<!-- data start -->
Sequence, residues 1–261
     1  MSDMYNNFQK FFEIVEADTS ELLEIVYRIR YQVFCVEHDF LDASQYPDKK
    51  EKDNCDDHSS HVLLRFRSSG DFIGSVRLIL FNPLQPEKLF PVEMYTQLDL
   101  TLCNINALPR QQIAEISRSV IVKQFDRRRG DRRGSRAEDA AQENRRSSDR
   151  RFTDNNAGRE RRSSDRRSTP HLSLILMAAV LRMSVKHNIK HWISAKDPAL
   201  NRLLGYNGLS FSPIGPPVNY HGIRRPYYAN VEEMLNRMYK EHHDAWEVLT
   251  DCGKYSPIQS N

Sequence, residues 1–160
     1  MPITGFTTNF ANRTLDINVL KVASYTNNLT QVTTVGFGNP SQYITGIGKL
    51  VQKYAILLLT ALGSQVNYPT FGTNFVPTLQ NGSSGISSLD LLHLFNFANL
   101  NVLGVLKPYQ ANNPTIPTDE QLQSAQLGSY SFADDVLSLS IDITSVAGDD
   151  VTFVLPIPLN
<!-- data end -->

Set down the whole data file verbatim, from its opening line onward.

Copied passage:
Sequence, residues 1–261
     1  MSDMYNNFQK FFEIVEADTS ELLEIVYRIR YQVFCVEHDF LDASQYPDKK
    51  EKDNCDDHSS HVLLRFRSSG DFIGSVRLIL FNPLQPEKLF PVEMYTQLDL
   101  TLCNINALPR QQIAEISRSV IVKQFDRRRG DRRGSRAEDA AQENRRSSDR
   151  RFTDNNAGRE RRSSDRRSTP HLSLILMAAV LRMSVKHNIK HWISAKDPAL
   201  NRLLGYNGLS FSPIGPPVNY HGIRRPYYAN VEEMLNRMYK EHHDAWEVLT
   251  DCGKYSPIQS N

Sequence, residues 1–160
     1  MPITGFTTNF ANRTLDINVL KVASYTNNLT QVTTVGFGNP SQYITGIGKL
    51  VQKYAILLLT ALGSQVNYPT FGTNFVPTLQ NGSSGISSLD LLHLFNFANL
   101  NVLGVLKPYQ ANNPTIPTDE QLQSAQLGSY SFADDVLSLS IDITSVAGDD
   151  VTFVLPIPLN